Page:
Interactive journalism is when audiences are involved in the processes of investigating and reporting a news story.

In this type of reporting, audiences actually form a key part of narrative creation as they connect the dots, watch the stories unfold and experience the events that take place.

By participating in these stories, audiences are given the chance to gain a more comprehensive understanding of the news. This makes content more meaningful to audiences because it involves them in the journey of discovering the truth.

But how can a news story do all of this?

Find out as media update's Lara Smit explores various versions of interactive journalism and why they work right here:


The Financial Times recently published a game on their website called The Climate Game. The goal of this game is to save earth from the effects of climate change. How does it work?

The game asks users to make a series of decisions to reduce energy-related carbon dioxide emissions in electricity, buildings, industry and transport sectors. Additionally, it asks users to make decisions that could reduce other greenhouse gasses while protecting jobs, healing nature and making sure that the earth is fit to live in.

Through this type of interactive journalism, The Financial Times has found a way to demonstrate to readers how global warming can be fought as opposed to just telling them. This is effective because it:
  • communicates the importance of reducing carbon dioxide emissions in electricity, buildings, industry and transport sectors
  • conveys the urgency of taking action against global warming
  • demonstrates how practical solutions can be put in place to solve the environmental crisis that the world is currently facing, and
  • places the responsibility of solving the climate crisis in the hands of everyday people, which encourages them to make a change.

Virtual Reality

The Guardian has discovered and implemented various methods to produce interactive pieces. One that stands out is its use of Virtual Reality to convey the experience of solitary confinement.

This is an example of how interactive journalism can be used as a form of activism. By placing people in the shoes of prisoners in United States solitary confinement, the news organisation aimed to expose them to the cruel and inhumane reality of this type of imprisonment. They also aimed to show people how psychologically damaging this type of confinement is.

In many ways, this experience was able to demonstrate to audiences how this type of incarceration actually does more harm than good. This is a powerful and effective way to inspire people to take action against using these types of correctional procedures.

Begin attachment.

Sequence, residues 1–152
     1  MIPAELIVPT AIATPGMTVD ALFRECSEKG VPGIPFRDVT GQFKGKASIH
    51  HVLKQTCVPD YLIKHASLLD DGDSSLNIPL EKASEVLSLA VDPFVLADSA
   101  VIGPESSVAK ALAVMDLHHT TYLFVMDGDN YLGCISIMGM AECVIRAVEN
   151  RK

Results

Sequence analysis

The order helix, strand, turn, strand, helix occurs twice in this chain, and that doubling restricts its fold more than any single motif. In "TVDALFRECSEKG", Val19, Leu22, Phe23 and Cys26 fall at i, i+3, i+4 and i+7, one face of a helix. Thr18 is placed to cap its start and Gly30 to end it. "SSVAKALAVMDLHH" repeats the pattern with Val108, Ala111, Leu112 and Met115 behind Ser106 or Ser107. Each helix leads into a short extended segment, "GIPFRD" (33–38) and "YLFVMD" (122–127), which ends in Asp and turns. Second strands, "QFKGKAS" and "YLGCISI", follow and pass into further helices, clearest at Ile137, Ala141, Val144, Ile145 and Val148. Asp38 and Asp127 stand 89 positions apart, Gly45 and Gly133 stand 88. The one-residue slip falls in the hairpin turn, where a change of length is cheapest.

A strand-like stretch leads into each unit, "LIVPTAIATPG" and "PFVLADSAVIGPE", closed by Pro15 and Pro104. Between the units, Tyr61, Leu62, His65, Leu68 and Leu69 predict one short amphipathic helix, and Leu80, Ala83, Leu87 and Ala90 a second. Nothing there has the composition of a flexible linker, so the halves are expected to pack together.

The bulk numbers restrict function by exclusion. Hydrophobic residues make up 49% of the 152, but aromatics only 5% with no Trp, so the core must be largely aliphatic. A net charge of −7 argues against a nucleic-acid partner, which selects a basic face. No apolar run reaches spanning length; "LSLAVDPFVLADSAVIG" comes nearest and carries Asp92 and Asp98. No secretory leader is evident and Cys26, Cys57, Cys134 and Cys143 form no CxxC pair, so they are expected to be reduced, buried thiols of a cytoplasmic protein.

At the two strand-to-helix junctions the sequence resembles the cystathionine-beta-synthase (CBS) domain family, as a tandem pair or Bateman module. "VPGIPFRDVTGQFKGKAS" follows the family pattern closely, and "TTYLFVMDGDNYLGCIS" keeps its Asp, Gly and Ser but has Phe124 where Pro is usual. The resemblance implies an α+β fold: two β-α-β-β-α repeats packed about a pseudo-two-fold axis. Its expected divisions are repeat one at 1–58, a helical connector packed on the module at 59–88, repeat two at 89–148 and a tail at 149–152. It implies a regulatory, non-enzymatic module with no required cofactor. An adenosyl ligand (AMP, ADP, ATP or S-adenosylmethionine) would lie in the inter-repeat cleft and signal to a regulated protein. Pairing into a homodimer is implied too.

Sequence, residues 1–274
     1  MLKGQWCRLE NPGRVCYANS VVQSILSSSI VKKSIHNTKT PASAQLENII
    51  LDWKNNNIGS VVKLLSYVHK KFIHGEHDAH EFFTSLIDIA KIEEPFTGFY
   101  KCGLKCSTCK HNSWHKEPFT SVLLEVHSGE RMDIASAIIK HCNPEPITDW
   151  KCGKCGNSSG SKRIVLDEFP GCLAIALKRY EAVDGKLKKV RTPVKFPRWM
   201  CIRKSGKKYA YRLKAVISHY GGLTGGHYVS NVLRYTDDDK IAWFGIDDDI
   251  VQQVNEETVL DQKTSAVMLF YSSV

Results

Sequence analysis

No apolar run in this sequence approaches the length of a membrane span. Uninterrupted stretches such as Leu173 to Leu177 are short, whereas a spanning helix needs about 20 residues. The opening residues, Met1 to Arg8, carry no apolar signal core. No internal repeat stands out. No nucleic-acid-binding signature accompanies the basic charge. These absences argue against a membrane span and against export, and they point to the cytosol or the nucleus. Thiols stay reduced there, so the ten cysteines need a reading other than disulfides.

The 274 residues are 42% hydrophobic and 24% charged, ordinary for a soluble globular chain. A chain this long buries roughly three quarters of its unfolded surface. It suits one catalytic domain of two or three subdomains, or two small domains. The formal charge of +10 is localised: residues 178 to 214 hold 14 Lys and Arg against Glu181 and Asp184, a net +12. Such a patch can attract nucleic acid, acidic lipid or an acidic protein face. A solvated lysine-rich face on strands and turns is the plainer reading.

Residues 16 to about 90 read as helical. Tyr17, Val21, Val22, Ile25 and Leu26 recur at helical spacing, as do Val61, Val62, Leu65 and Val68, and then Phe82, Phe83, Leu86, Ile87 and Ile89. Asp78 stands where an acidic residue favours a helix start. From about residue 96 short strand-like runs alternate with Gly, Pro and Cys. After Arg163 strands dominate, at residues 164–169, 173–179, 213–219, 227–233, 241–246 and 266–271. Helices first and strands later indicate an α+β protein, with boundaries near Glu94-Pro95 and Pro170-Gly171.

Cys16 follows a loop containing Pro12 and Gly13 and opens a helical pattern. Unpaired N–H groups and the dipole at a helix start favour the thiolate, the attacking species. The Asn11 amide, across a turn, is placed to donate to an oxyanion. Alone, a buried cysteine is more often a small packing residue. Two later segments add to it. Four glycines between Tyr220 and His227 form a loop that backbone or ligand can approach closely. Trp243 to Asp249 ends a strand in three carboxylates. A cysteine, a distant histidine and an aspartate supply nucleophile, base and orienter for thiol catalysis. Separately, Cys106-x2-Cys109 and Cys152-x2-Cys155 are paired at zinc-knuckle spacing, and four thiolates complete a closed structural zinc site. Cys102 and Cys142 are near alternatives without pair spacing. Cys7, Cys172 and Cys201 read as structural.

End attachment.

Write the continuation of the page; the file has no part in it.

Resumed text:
But what makes it more effective than conventional reporting?
It is able to convey a narrative in more explicit detail by immersing people in that environment and making it tangible to them through their senses. Therefore, the story has a bigger impact on readers because they can experience it for themselves.

Visual aids

You may not know it but data journalism is pretty interactive. This is because it allows journalists to help readers piece a story together using visual aids.

A great example of this type of journalism is seen on the news website Information is Beautiful. This website provides reports in a series of graphics that serve as a visual representation of data.

But why is this effective?
Through a visual representation of statistics, data is made more palatable to readers by illustrating what it means. Therefore, audiences will be able to better understand the significance of what a statistic means within the context of a news story.


You know when you watch a movie or a series and you start to feel immersed in the lives of the characters on your screen? You start to experience what they experience alongside them. Sometimes, you even feel as though a chapter in your life is over when the movie or series ends.

This is how videos work as a device of interactive journalism.

Video has the unique power of involving people in narratives. It takes us from the beginning to the end of a story and allows us to experience it by showing us what happened.

A good example of how a news organisation employed — and enhanced — video interactivity is seen through The Guardian's interactive documentary of the first world war.

The Guardian gathered stories from 10 historians that were located in different areas of the world and created a documentary out of it. They incorporated interactive elements, like maps, that users can click through to watch and listen to reports of what happened in these areas during the war.

By doing this, The Guardian placed audiences in the shoes of the historians that were discovering and gathering information about the war. This is because it allowed audiences to participate in a type of search for this information across the map. Therefore, these audiences felt involved and engaged in the processes of uncovering history — making the experience of watching the news more fun and interesting.

What is your favourite medium for interactive journalism? Let us know in the comments section below.

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Want to find out how print media is becoming more interactive? Then be sure to read our article, Interactive print: the answer to the print versus digital debate?
*Image courtesy of Canva